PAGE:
First, thank you for changing that. Second, there is so much misinformation with mental health issues, especially ADD/ADHD. All of the autism spectrum issues have to do with compromised frontal lobe development. Most of the issues are all related to executive function disorders. Autism is likely the most severe of these issues, while all the other disorders are all inside the family tree of underdeveloped frontal lobes, hence the autism spectrum. Comoribity occurs often, nearly always, and it varies because all these issues – ADD/ADHD, dyslexia, opposition defiance disorder, tourette’s, OCD, Aspergers all have to do with executive functions being compromised due to frontal lobe not developing properly or becoming damaged. Your executive functions in a nuerotypical brain operate automatically. In a atypical brain, one or more executive functions can be weakened, failing or fully disabled. Executive functions are things like sensing passing of time, prioritizing actions, planning, vocalization or organizing of thoughts and ideas, being able to organize physical space or objects, comprehension of visual information into words and thoughts, retaining information or knowledge when it is out of sight, control of your fight/flight reflex, being able to encode new information or habits into your brain, empathizing or relating to others. All of these things are automatic for a healthy brain and either partially or fully absent in impaired brains, the function compromised labels to the disorder the person has, but an individual can have elements of many of these traits with one or two being dominant.

            Also, ADD/ADHD is inherited (and mislabeled) it is the most common of the impairments listed and is second in inherited traits to height.

            I have ADD/ADHD. My mother has it. Two of her three sibilings have it. Her father had it. Both my children have it. Some of my family lean to hyper-active traits, which is really more impulse and emotion control. They tend to speak loud, curse a lot, act and speak without considering consequences first, learn by getting burned and leave a wake of disruption. The inattentive spectrum family members tend to be disorganized, and scatter brained. Leaving messes, losing things all the time, being late to appointments, forgetting important work or information, etc. All ADD/ADHDers have low dopamine reception, which means unless we are hyper-focused or over excited about something, then we can’t get motivated or focused to take action. This is what causes procrastination and distraction. Your brain needs dopamine to motivate and stay on track, in our brains it doesn’t work right. This is the role medication plays, it boosts dopamine or dopamine reception and allows ADD/ADHDers to at least focus and manage their disability better. Without meds, most ADDers end up self-medicating by seeking dopamine boosting through thrill-seeking, eating, drug use, sex or other risky behavior. Because of this ADDers are x2 as likely to have injuries, STDs, be obese or addicted to alcohol or drugs. They are also more likely to be divorced or commit suicide.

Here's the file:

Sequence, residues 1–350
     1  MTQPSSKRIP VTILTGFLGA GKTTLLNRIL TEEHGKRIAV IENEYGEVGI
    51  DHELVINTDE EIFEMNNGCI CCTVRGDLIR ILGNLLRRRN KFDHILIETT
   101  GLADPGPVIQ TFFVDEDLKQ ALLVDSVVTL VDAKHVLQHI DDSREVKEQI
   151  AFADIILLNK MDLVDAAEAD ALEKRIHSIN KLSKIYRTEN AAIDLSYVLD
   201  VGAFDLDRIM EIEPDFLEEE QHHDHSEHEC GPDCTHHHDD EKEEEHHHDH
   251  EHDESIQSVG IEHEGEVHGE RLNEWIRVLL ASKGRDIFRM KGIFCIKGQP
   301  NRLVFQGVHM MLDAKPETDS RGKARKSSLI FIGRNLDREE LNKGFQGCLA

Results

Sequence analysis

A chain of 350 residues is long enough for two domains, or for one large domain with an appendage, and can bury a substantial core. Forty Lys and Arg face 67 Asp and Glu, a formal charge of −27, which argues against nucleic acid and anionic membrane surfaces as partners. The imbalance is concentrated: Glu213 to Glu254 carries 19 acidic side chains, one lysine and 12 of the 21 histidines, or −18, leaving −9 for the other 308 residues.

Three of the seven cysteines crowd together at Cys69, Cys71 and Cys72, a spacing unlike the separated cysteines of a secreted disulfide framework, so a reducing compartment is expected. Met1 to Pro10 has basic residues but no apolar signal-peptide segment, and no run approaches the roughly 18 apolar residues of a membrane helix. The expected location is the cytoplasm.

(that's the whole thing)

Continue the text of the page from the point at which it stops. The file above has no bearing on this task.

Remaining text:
All manner of comorbidity exists but the majority of my family has ODD or opposition defiance disorder. Essentially, humans developed breaks for their fight/flight/freeze reflex in their amygdala or lizard brain. The lizard brain can’t tell the difference between a loud noise, yelling or being attacked. So with ODD you have to learn to keep your lizard brain in check. ODD can’t be medicated but it can be retrained. Without training, there is constant fighting, arguing and broken objects or holes punched in walls as the lizard brain triggers unexpectedly and this has nothing to do with abuse but can turn into abuse if not treated. Those afflicted with ODD are aware as their lizard brain triggers and it reacts before they can pull it back. They feel guilt as it happens and are fully aware of the lack of control they have and its highly misunderstood. Absolutely tragic. Cognitive Behavioral Therapy does go a long way to managing it though.